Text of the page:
The prevalence of antibiotic resistant microorganisms in the environment is not well known but could represent a challenge to maintaining public health in the future. Fecal waste from livestock facilities, where antibiotics are routinely used, is recognized as a significant source of pollution to surface waters in the United States. We collected water from the Missouri River across a winter to spring seasonal change in order to survey the density of coliform bacteria. We tested bacterial isolates for resistance to penicillin, tetracycline, ampicillin, erythromycin, and ciprofloxacin. Coliform density in Missouri River water generally was high throughout the study (0-405 cfu 100 ml·1). The highest values corresponded to a precipitation event that likely enhanced surface runoff. The lowest coliform densities corresponded to an increase in river flow volume caused by the release of reservoir water upstream. Of the isolates tested, none were sensitive to penicillin or erythromycin, both anti-microbial drugs that are normally ineffective against Gram negative bacteria such as coliforms. No isolates were resistant to ampicillin or ciprofloxacin. 12.5% percent of the isolates were resistant to tetracycline, however. All isolates were identified through biochemical testing as Escherichia coli. Our results demonstrate that antibiotic resistant coliforms were present in the Missouri River at the time of our study. Whether the source of these microorganisms is an environmental reservoir or livestock source needs to be determined.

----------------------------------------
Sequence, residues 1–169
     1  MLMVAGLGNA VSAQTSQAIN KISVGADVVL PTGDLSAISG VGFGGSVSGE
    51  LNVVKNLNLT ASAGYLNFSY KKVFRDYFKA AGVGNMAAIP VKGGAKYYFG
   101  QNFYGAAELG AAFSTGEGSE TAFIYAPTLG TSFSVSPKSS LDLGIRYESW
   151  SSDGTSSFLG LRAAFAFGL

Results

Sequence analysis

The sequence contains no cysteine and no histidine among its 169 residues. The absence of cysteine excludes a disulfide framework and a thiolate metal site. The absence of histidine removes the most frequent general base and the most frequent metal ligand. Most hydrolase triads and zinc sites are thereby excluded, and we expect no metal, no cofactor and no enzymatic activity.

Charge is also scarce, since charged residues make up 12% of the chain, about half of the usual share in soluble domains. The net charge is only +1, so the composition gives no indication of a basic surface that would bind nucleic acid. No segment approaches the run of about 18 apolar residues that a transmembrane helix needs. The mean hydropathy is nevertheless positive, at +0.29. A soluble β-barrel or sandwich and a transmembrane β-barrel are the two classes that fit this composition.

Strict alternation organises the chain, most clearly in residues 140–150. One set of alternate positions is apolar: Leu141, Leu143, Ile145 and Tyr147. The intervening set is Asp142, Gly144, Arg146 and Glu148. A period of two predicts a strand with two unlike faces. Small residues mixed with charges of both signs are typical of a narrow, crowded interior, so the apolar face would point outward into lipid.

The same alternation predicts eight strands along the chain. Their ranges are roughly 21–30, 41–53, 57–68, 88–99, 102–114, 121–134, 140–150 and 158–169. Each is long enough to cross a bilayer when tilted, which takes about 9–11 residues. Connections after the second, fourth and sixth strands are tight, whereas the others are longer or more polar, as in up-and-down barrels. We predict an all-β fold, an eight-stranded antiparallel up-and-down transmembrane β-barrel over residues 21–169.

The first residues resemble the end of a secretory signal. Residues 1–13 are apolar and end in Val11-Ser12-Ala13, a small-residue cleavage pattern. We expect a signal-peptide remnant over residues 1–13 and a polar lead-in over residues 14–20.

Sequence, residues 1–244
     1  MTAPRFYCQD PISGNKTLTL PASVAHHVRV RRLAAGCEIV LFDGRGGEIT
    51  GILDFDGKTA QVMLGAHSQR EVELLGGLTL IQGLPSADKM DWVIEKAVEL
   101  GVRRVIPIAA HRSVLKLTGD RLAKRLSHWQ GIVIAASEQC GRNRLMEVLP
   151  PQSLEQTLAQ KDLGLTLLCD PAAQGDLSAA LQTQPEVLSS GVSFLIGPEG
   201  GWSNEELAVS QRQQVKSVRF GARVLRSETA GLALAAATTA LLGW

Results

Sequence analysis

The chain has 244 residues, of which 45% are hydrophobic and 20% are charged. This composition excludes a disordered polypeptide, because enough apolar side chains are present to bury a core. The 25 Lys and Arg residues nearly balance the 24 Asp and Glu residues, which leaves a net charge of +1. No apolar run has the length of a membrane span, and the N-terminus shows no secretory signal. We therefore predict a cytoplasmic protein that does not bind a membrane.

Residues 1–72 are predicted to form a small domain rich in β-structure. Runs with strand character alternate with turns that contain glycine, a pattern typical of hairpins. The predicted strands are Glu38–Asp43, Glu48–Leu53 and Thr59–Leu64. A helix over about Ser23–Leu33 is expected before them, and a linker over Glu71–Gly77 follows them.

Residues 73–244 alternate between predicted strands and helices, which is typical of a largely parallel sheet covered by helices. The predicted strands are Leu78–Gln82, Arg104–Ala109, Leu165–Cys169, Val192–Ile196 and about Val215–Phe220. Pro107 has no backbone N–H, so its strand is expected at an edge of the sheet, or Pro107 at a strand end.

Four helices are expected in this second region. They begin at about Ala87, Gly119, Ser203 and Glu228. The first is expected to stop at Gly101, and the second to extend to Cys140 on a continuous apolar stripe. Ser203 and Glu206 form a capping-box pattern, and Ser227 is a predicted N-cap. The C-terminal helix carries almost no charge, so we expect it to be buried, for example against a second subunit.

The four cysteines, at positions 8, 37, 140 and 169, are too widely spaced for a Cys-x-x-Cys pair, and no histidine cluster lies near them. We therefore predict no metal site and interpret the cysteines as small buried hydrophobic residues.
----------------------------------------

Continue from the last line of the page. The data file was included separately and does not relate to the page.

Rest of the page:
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Copyright © 2004 Nebraska Academy of Sciences. This article first appeared in Transactions of the Nebraska Academy of Sciences 29 (2004): 1-5.

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